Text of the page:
I personally love selling on Etsy and have made hundreds of sales in my first 6 months of selling digital downloads online. Starting my Etsy shop was one of the best things I ever did online which is why I want to show others how to do it and encourage you to take the step to creating your dream of selling online!

    Beginner Etsy Success Tips

    Starting from scratch on Etsy can be hard. There are some ways to speed up the process like learning from a course or following best practices from successful Etsy shops.

    Because I know how hard it can be to start an Etsy store and grow it, here are my best tips for building a successful Etsy shop from the beginning:

    • have a strong niche where your products are very focused on either one niched area or style
    • create a strong brand story and share that in your shop and listings
    • continue your brand elements throughout the shop via colors and fonts
    • share photos that clearly show your items and how they can be used
    • make your descriptions clear and very descriptive – the more the better when you are explaining what comes with your item and how it can improve someone’s life
    • clearly articulate your shop’s policies if you don’t offer refunds or have specific policies that a buyer needs to share
    • build your shop with more listings to bring in new buyers and more traffic
    • make sure you promote your listings both on Etsy with seo and ads and off Etsy with social media

    Those are tips that can get your Etsy shop started and off the ground in less time. Making sure you start off strong from your very first listing means you won’t have to spend time later going back to fix your early mistakes.

    Growing A Business On Etsy

    Etsy has downsides but it’s also an amazing place to build a business and earn an income.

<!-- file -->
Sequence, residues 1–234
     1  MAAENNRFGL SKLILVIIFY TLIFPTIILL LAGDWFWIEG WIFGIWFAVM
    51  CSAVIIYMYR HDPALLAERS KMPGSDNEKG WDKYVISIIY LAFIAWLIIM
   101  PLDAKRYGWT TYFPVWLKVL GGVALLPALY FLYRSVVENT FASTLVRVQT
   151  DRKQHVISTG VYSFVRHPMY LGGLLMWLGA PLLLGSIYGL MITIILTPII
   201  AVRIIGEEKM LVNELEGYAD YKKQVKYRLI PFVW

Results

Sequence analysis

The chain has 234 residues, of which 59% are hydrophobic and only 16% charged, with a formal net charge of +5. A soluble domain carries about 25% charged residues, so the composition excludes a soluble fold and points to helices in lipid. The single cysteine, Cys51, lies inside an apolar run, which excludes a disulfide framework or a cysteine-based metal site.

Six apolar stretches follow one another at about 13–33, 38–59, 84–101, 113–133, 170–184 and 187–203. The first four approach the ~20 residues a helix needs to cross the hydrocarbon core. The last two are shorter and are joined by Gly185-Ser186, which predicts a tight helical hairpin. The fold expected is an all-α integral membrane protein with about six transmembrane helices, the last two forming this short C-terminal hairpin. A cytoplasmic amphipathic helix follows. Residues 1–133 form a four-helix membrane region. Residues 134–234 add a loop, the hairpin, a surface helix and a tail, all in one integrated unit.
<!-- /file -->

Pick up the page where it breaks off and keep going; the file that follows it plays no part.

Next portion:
If you want to grow on Etsy I recommend my friend Sharon’s Etsy Entrepreneur course where she walks you through the process of setting up an Etsy shop and growing it to make $1,000 a month or more. She grew her Etsy store of digital downloads to more than $1,000 a month and has inspired many people to do the same.

    Remember that your Etsy growth will depend on being consistent and growing over time. Very few people start their Etsy shop and go full time the very same month. For most of us we begin with one product and grow over time.

    Over time you will learn tips and tricks to grow your Etsy shop and find that success on Etsy can be far beyond you expected. I personally know multiple full time Etsy sellers who started as a fun side hustle and now make a full time living selling on Etsy.

  • How to Build an Emergency Fund

    Having an emergency fund is incredibly important and the roller coaster of this year has proven it to many of us. Currently my number one financial goal is saving up a 3 to 6 months emergency fund.

    We can’t control everything in the world despite our internal desire for control and certainly. Life happens and it can be very unpredictable. The face that people can feel secure and then end up laid off the next week proved that the unexpected can happen. Beyond just job loss, cars will need repairs, medical costs can occur, and any number of unexpected things can happen.

    Having an emergency fund helps you weather those unexpected storms so your financial life does not spiral out of control. When you are facing unexpected expenses you are able to tap into your emergency fund instead of taking on new debt.

    Even if you are already in debt then an emergency fund can be the stepping stone you need to get out of debt because this system prevents you from adding more debt. Emergency funds are important because even if you are living near the end of your means you will have money set aside if things get even worse financially.

    We are still paying off debt but we are prioritizing an emergency fund for just this reason – having money set aside for unexpected events means you won’t have to ever go into debt again.

    So how do you build up an emergency fund?

    Set Your Savings Goal